The film lacked cohesion - only the parts that he'd touched lost their tinge. He also noticed that the film remained on his hands, but then remembered his object-orientation and realized that it would have been inappropriate for it to disappear here. Still, it seemed interesting, so he went ahead and wiped it off into some Kontainment®, making a mental note to have it mass-spec'd later. Victor also noticed that the "window" didn't become clear. He tried to look closer, before remembering that his physical eyes could only zoom in so far. He started to realize just how good it was that he went out every now and then: Imagine what he'd forget if he never came out!
What Victor had seen were some odd streaks along where he had wiped. He couldn't see them anywhere else. Moreover, at either end - where he had started and ended the wipe - the marks resembled the "fingerprints" from the old police procedurals. That triggered a realization: Of course, in meatspace, his fingers had imprinted the "window".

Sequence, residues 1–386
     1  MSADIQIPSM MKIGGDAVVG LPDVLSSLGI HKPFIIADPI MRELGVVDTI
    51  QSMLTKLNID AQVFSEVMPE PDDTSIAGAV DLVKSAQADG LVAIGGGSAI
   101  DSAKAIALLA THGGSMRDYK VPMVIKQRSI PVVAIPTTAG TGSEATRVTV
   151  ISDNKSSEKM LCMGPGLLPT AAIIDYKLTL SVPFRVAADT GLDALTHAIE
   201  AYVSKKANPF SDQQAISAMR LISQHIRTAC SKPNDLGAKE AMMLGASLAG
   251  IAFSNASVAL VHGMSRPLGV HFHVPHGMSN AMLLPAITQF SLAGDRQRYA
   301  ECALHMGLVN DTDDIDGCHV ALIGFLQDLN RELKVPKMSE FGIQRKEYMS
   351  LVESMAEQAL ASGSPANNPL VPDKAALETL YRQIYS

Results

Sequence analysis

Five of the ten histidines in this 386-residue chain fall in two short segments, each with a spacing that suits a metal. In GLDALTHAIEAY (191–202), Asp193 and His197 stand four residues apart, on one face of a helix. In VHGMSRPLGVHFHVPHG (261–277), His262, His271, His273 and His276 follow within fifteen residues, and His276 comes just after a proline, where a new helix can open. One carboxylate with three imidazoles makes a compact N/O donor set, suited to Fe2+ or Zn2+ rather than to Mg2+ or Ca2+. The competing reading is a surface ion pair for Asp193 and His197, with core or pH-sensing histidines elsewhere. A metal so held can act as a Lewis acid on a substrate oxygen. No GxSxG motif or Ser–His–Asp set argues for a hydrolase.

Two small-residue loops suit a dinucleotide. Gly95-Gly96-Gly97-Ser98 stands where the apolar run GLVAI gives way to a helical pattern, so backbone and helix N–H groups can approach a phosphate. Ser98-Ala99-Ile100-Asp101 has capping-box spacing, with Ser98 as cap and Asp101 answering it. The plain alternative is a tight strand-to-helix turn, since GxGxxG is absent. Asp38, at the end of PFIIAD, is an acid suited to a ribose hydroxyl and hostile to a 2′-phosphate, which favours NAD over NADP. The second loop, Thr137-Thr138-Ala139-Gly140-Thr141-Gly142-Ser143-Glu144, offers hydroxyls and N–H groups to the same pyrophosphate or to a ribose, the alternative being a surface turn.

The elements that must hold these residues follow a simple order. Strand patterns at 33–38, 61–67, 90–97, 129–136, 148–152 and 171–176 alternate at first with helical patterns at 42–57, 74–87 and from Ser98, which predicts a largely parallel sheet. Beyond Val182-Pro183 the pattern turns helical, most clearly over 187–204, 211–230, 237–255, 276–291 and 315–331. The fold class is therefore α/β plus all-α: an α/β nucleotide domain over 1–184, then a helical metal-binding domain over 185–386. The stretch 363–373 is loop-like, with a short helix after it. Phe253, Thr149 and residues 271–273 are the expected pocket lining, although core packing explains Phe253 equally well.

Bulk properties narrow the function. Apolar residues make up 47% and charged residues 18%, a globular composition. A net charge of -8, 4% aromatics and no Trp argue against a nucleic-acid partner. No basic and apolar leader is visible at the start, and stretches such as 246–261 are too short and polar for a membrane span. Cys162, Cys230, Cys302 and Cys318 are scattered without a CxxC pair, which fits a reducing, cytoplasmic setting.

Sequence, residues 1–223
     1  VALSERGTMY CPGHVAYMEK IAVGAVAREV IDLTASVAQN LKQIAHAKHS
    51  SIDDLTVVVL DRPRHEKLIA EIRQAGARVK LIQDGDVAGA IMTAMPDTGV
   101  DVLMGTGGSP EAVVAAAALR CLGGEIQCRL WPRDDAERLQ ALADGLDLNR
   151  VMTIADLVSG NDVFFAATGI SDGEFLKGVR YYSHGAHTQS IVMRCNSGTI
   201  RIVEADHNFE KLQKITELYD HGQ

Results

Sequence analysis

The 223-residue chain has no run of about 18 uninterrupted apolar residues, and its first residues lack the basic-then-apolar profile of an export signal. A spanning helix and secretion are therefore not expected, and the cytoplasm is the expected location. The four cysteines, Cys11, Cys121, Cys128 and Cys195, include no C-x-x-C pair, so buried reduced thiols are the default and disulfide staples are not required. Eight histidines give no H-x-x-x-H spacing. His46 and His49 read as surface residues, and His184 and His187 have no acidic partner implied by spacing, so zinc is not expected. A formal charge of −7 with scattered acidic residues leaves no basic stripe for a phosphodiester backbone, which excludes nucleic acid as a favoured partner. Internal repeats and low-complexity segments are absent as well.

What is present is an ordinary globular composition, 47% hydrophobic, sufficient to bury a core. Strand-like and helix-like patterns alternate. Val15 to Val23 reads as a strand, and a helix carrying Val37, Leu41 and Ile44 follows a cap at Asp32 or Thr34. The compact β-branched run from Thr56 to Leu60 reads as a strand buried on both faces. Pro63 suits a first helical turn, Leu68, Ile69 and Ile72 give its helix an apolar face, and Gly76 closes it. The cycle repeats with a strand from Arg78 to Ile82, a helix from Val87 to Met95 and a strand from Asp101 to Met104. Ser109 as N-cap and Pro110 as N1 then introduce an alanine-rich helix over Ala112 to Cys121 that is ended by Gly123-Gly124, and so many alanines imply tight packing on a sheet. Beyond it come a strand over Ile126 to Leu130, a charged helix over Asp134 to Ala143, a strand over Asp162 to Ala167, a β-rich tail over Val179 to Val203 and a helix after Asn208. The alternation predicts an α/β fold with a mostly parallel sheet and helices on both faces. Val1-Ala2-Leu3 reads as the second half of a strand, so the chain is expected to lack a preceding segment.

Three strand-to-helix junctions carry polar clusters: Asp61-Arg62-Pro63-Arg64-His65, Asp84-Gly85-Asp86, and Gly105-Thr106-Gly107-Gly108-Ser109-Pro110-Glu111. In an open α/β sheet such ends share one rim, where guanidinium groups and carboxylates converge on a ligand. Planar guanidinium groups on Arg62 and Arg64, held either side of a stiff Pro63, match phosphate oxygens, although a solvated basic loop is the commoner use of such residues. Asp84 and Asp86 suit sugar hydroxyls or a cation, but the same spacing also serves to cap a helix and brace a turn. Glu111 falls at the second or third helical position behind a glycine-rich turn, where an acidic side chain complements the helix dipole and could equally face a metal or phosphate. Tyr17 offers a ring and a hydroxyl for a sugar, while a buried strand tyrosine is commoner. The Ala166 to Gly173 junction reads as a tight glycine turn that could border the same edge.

Victor went back to what he'd intended to do in the first place; he looked out the "window", where he'd wiped off the odd film. Across the street and down a bit, he saw some punks. It was obvious that they were punks, since they were outside, but didn't seem to be going to or from anything. They weren't stretching, or rehearsing their movements. They were just relaxing, talking to each other, and overall acting like they were very comfortable in meatspace.
There looked to be five of them, as two men and three women. Both men wore brown hats. They were quite tall for hats, and very cylindrical. They looked like they belonged on Abe Lincoln's head, though they were shorter and browner than that. Both men also wore some odd outfits, with at least two layers on the top halves of their bodies. They didn't match, though. One man had a black thing on top, which looked like it would work quite well alone, and without need for the buttons. Below that, though, was a white shirt with sleeves that went all the way down to the wrists, and some sort of odd layering on and above the chest. Victor would have thought it a waste of cloth if he'd ever heard of "waste". The other man wore a brown thing that looked like a thicker version of the aforementioned white shirt, except that it seemed to have been cut down the middle and have buttons in it, though those weren't being used to hold it closed at the moment. Thanks to that, Victor could see parts of two more brown layers below that, but he wasn't sure what to make of them, especially since both of those seemed to have buttons, too! Victor decided to look at the women.